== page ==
Molecular water oxidation catalysis: a key topic for new sustainable energy conversion schemes (Chichester, 2014). - ОГЛАВЛЕНИЕ / CONTENTS

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ОбложкаMolecular water oxidation catalysis: a key topic for new sustainable energy conversion schemes / ed. A.Llobet. - Chichester: Wiley, 2014. - xiii, 265 p.: ill. - Bibliogr. at the end of the chapters. - Ind.: p.257-265. - ISBN 978-1-118-41337-1
 

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Оглавление / Contents
 
List of Contributors ........................................... xi
Preface ........................................................ xv

1  Structural Studies of Oxomanganese Complexes for
   Water Oxidation Catalysis .................................... 1
   Ivan Rivaita, Gary W. Brudvig, and Victor S. Batista
   1.1  Introduction ............................................ 1
   1.2  Structural Studies of the OEC ........................... 2
   1.3  The Dark-Stable State of the OEC ........................ 4
   1.4  Biomimetic Oxomanganese Complexes ....................... 6
   1.5  Base-Assisted O-O Bond Formation ........................ 7
   1.6  Biomimetic Mn Catalysts for Artificial Photosynthesis ... 8
   1.7  Conclusion ............................................. 11
   Acknowledgments ............................................. 12
   References .................................................. 12
2  O-O Bond Formation by a Heme Protein: The Unexpected
   Efficiency of Chlorite Dismutase ............................ 15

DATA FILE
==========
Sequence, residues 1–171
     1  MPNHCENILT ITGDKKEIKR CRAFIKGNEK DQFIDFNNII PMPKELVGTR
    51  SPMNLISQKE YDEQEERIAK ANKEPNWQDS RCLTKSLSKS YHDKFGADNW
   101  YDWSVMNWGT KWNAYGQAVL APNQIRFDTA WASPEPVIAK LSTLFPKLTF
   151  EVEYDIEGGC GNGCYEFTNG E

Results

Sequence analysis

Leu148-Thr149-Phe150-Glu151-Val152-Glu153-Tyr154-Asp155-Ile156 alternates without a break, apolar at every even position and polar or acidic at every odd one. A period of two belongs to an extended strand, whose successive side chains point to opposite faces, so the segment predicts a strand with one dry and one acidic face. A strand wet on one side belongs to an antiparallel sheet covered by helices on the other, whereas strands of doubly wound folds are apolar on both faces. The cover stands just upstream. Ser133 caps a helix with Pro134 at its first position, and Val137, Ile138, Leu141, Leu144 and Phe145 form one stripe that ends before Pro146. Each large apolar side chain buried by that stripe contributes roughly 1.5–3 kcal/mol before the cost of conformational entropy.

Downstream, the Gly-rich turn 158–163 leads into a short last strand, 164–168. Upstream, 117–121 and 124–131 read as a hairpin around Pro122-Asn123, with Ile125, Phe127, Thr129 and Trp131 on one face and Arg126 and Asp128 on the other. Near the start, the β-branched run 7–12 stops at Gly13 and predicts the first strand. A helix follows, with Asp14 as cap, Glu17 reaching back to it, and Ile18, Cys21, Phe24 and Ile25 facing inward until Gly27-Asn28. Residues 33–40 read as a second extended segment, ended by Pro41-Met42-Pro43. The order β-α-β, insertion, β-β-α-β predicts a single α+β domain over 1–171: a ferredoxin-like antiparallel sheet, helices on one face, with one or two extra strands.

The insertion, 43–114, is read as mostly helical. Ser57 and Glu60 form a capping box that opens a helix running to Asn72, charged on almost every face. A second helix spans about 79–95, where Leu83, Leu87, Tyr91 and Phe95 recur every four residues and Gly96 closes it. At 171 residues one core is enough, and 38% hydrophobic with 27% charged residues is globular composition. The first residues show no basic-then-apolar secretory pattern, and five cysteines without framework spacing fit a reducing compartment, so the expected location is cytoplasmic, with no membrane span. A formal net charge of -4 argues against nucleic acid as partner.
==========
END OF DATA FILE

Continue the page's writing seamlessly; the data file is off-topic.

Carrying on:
Jennifer L. DuBois
   2.1  Introduction ........................................... 15
   2.2  Origins of O2-Evolving Chlorite Dismutases (Clds) ...... 15
   2.3  Major Structural Features of the Proteins and their 
        Active Sites ........................................... 16
   2.4  Efficiency, Specificity, and Stability ................. 20
   2.5  Mechanistic Insights from Surrogate Reactions with 
        Peracids and Peroxide .................................. 22
   2.6  Possible Mechanisms .................................... 23
   2.7  Conclusion ............................................. 25
   Acknowledgements ............................................ 25
   References .................................................. 25
3  Ru-Based Water Oxidation Catalysts .......................... 29
   Laia Francàs, Roger Bofill, Jordi García-Antón, Lluis 
   Escriche, Xavier Sala and Antoni Llobet
   3.1  Introduction ........................................... 29
   3.2  Proton-Coupled Electron Transfer (PCET) and Water 
        Oxidation Thermodynamics ............................... 31
   3.3  O-O Bond Formation Mechanisms .......................... 33
   3.4  Polynuclear Ru Water Oxidation Catalysts ............... 34
   3.5  Mononuclear Ru WOCs .................................... 40
   3.6  Anchored Molecular Ru WOCs ............................. 42
   3.7  Light-Induced Ru WOCs .................................. 43
   3.8  Conclusion ............................................. 45
   Acknowledgments ............................................. 46
   References .................................................. 46
4  Towards the Visible Light-Driven Water Splitting Device:
   Ruthenium Water Oxidation Catalysts with Carboxylate-
   Containing Ligands .......................................... 51
   Lele Duan, Lianpeng Tong, and Licheng Sun
   4.1  Introduction ........................................... 51
   4.2  Binuclear Ru Complexes ................................. 52
   4.3  Mononuclear Ru Complexes ............................... 54
        4.3.1  Ru-O2N-N3 Analogs ............................... 55
        4.3.2  Ru-O2N2-N2 Analogs .............................. 57
   4.4  Homogeneous Light-Driven Water Oxidation ............... 68
        4.4.1  The Three-Component System ...................... 68
        4.4.2  The Supramolecular Assembly Approach ............ 69
   4.5  Water Oxidation Device ................................. 72
        4.5.1  Electrochemical Water Oxidation Anode ........... 72
        4.5.2  Photo-Anode for Water Oxidation ................. 74
   4.6  Conclusion ............................................. 75